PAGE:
Send to

Choose Destination
Cell Microbiol. 2018 Mar;20(3). doi: 10.1111/cmi.12802. Epub 2017 Dec 22.

Aspergillus fumigatus adhesion factors in dormant conidia revealed through comparative phenotypic and transcriptomic analyses.

Author information

Medical Mycology Research Center, Chiba University, Chiba, Japan.


Aspergillus fumigatus is an important fungal pathogen of humans. Inhaled conidia of A. fumigatus adhere to pulmonary epithelial cells, causing opportunistic infection. However, little is known about the molecular mechanism of the adherence of resting conidia. Fungal molecules adhesive to host cells are presumed to be displayed on the conidial surface during conidial formation as a result of changes in gene expression. Therefore, we exhaustively searched for adhesion molecules by comparing the phenotypes and the gene expression profiles of A. fumigatus strains that have conidia showing either high or low adherence to human pulmonary A549 cells. Morphological observation suggested that strains that produce conidia of reduced size, hydrophobicity, or number show decreased adherence to A549 cells. K-means cluster analyses of gene expression revealed 31 genes that were differentially expressed in the high-adherence strains during conidial formation. We knocked out three of these genes and showed that the conidia of AFUA_4G01030 (encoding a hypothetical protein) and AFUA_4G08805 (encoding a haemolysin-like protein) knockout strains had significantly reduced adherence to host cells. Furthermore, the conidia of these knockout strains had lower hydrophobicity and fewer surface spikes compared to the control strain. We suggest that the selectively expressed gene products, including those we identified experimentally, have composite synergistic roles in the adhesion of conidia to pulmonary epithelial cells.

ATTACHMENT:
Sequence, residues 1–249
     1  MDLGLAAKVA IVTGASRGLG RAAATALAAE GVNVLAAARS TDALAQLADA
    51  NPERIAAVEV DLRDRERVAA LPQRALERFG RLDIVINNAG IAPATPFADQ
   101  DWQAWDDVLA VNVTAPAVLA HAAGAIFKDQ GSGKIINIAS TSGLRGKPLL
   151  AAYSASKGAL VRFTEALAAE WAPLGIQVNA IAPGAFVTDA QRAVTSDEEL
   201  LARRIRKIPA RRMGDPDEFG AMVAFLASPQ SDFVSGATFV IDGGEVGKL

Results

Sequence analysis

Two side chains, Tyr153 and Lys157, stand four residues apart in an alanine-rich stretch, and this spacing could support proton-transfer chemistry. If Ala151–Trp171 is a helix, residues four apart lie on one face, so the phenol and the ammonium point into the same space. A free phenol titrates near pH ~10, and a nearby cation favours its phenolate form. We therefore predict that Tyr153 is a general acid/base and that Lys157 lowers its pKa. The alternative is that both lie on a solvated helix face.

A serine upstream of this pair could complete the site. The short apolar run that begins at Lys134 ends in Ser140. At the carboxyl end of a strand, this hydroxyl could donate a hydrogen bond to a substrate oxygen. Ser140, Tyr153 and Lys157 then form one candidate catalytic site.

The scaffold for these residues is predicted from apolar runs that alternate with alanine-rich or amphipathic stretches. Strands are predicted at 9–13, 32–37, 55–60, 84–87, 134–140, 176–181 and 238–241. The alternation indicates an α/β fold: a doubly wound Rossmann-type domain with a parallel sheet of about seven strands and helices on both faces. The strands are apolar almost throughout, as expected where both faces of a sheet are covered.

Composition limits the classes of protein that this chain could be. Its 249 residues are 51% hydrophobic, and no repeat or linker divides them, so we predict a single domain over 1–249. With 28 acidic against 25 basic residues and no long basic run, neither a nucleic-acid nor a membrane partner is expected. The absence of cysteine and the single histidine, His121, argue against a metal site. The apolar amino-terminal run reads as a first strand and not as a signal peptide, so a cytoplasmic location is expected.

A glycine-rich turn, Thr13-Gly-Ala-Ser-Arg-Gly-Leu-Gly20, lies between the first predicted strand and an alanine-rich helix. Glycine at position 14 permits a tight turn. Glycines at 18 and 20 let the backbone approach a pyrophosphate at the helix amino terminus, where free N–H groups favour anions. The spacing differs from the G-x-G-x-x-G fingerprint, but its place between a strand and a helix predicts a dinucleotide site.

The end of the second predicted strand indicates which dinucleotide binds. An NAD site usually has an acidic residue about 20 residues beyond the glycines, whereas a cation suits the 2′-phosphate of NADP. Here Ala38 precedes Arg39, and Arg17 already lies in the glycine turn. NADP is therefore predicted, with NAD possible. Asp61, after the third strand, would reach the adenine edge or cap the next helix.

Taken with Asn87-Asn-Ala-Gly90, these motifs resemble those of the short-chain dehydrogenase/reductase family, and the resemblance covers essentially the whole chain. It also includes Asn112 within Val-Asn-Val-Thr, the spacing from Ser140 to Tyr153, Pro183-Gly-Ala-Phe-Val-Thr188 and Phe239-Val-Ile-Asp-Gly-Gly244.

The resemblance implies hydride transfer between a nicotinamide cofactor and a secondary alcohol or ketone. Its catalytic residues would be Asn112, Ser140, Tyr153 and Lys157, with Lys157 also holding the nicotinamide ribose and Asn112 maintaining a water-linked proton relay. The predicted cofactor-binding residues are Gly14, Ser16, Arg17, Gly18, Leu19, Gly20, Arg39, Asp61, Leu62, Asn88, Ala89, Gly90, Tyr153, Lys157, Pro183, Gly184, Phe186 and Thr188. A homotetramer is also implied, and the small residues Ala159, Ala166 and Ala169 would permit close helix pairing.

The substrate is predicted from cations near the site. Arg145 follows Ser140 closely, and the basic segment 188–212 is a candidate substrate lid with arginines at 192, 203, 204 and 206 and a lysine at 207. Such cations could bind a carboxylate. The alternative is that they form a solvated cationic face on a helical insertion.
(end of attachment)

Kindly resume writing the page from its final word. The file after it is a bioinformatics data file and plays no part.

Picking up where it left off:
fungi (aspergillus); infection; microbial-cell interaction; molecular genetic; transcriptomics; virulence

[Indexed for MEDLINE]
Free PMC Article

Supplemental Content

Full text links

Icon for Wiley Icon for PubMed Central
Loading ...
Support Center